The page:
After a five-year lull in new builds, the number of reactors under construction (65, out of a global fleet of 440 operable reactors) is now the highest level in 25 years, with China leading the way with 24 reactors under construction. The current fleet of nuclear reactors has a capacity of 384 GW, making up 11% of the world’s power generation capacity; these reactors currently consume 172 million pounds of uranium annually. Based on the number of plants currently under construction and being planned (173), along with the planned Japanese nuclear plant restarts, uranium demand is expected to increase by 40% over the next decade. Moreover, according to the International Energy Agency (IEA), an additional 930 GW of nuclear capacity is needed globally to support current goals to transition the world’s energy system away from carbon-based fuels; this means there is a strong likelihood for uranium demand to surprise on the upside should highly-polluting economies such as China and India switch more baseload generation to nuclear in an effort to reduce carbon pollutants.
Figure 1: Current and Projected Global Nuclear Generation Capacity (sources: NEA, IEA)
2. Uranium will enter a supply deficit by 2019 at current prices
The uranium market is already struggling with a supply issue. E.g. current annual demand is 172 million pounds, but miners only supply about 147 million pounds; the rest is filled by secondary sources such as utility stockpiles, nuclear weapons stockpiles and recycled uranium from reprocessing used fuel. At $26 a pound, the uranium spot price is trading at 50% below its early 2011 peak, and 80% below its 2007 peak. Simply put: uranium prices need to recover to $45 a pound to incentivize additional mine supply. Moreover, secondary supply is not sufficient to fill this gap; new mine supply is needed to fill as much as 10% of all total demand over the next 10 years. Unless prices recover to the $45 level, uranium will enter a supply deficit by 2019.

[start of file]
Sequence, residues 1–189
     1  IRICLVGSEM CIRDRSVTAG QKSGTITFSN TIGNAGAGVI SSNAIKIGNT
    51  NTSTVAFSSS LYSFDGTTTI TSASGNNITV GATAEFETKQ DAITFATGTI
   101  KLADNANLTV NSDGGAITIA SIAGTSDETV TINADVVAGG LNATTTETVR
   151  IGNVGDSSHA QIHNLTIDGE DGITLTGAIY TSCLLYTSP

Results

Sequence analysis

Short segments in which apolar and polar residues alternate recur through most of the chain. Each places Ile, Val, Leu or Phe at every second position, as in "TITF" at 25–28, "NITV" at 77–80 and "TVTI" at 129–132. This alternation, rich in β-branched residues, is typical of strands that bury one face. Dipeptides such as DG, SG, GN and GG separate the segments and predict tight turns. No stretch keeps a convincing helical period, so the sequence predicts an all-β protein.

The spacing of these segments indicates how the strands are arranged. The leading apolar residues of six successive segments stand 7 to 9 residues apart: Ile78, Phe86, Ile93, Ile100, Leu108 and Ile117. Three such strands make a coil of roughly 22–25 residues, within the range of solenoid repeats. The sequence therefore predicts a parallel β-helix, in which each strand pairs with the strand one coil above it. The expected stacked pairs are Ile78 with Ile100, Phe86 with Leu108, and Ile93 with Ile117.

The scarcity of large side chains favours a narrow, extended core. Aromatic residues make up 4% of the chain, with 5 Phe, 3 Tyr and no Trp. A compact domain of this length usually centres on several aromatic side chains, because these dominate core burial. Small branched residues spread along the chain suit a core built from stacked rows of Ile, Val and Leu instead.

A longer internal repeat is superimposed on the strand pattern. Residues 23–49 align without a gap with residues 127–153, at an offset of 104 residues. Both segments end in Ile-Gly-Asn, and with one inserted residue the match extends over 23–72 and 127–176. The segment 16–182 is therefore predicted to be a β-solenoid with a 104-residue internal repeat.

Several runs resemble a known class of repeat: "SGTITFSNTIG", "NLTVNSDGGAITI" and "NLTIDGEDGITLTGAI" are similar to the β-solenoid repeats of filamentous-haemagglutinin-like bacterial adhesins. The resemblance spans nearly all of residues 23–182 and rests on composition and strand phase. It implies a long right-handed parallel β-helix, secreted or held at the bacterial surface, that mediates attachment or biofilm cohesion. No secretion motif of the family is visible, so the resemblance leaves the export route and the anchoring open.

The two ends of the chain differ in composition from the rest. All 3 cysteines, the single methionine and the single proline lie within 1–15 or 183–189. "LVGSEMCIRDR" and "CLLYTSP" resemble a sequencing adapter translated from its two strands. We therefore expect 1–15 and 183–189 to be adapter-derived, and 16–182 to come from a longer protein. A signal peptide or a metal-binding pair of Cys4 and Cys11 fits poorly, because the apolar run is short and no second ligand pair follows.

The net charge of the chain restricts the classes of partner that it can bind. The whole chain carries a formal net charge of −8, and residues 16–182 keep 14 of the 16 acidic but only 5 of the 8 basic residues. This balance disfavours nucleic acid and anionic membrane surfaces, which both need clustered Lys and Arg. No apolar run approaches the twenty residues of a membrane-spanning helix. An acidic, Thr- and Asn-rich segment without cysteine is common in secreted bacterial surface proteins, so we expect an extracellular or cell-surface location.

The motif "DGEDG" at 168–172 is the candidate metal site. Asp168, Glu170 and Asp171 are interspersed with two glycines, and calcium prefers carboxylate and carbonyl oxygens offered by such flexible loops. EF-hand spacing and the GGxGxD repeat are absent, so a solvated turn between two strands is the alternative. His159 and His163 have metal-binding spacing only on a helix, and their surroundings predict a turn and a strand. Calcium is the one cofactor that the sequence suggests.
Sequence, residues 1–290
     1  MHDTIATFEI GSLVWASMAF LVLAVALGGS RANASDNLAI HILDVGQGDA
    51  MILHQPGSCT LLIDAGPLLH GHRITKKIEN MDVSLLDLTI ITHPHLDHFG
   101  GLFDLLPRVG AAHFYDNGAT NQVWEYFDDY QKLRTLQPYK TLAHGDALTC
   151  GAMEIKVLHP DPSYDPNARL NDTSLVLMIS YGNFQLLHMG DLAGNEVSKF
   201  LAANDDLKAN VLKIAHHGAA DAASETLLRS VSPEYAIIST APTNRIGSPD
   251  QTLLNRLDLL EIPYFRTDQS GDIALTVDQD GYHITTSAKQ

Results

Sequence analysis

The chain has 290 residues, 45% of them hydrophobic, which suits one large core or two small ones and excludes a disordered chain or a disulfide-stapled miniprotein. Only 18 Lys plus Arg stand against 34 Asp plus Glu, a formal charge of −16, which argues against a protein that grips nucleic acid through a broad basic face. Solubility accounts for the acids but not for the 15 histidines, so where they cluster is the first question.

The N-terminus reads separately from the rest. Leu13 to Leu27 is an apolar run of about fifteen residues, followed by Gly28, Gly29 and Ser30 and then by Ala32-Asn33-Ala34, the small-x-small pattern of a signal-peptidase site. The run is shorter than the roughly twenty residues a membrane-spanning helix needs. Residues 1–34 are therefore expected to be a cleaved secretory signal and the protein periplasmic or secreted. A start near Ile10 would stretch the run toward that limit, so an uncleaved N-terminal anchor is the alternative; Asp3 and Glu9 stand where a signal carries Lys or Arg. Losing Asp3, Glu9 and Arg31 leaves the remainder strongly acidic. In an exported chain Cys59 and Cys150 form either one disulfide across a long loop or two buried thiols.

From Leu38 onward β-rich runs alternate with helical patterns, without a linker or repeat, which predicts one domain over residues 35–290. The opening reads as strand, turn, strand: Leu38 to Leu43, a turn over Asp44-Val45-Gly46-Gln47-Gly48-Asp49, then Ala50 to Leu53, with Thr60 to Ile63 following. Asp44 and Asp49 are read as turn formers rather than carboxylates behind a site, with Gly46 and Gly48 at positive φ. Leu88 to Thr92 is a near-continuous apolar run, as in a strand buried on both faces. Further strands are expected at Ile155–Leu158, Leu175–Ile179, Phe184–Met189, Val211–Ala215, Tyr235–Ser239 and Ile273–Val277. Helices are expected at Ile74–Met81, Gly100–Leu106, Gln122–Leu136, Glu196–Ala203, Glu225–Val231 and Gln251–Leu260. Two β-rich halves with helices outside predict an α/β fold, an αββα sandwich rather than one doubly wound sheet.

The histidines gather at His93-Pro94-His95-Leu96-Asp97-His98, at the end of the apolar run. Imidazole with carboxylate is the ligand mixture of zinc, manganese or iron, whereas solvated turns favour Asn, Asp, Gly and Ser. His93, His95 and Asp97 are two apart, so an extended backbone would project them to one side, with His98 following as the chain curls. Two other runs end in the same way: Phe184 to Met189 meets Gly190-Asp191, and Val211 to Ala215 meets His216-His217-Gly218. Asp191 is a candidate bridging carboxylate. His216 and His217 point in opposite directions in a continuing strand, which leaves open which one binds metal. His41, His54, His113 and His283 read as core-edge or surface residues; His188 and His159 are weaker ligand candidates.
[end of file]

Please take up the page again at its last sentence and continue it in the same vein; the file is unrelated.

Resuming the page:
3. CCJ has a clear growth plan and its stock is attractively valued
Despite the challenging price environment, CCJ’s 2016 EPS is projected to grow by nearly 50% (to just over US$1.00 a share) from its 2015 level, buoyed by a slight increase in production and ongoing cost-cutting efforts. CCJ possesses 3 of the world’s 15 biggest mines (and the world’s biggest, McArthur River mine in Canada), and is the world’s lowest-cost miner. Because of this, CCJ has sufficient cash flows to grow its production; this year, the company’s Cigar Lake property in Canada is expected to grow its production to nearly 8 million pounds, up from 5.7 million last year. Cigar Lake is expected to produce 9 million pounds in 2018.
CCJ trades at a P/B ratio of 1.1; this represents a 27% discount below its 2011-2015 post-Fukushima P/B average of 1.5. As uranium demand continues to grow, I expect CCJ to experience significant P/B expansion, bringing the stock back to around $17.50, or an appreciation of 36% from its current stock price.
Disclosure: Neither I nor does my firm, CB Capital Partners hold any shares in CCJ.
Henry To, CFA, CAIA, FRM is Partner & Chief Investment Officer at CB Capital Partners. Established in 2001, CB Capital Partners is a global financial advisory and investment firm headquartered in Newport Beach, California, with an office in Shanghai, China and an affiliate office in Mumbai, India. Visit http://www.cbcapital.com and http://www.cbcapitalresearch.com for more information.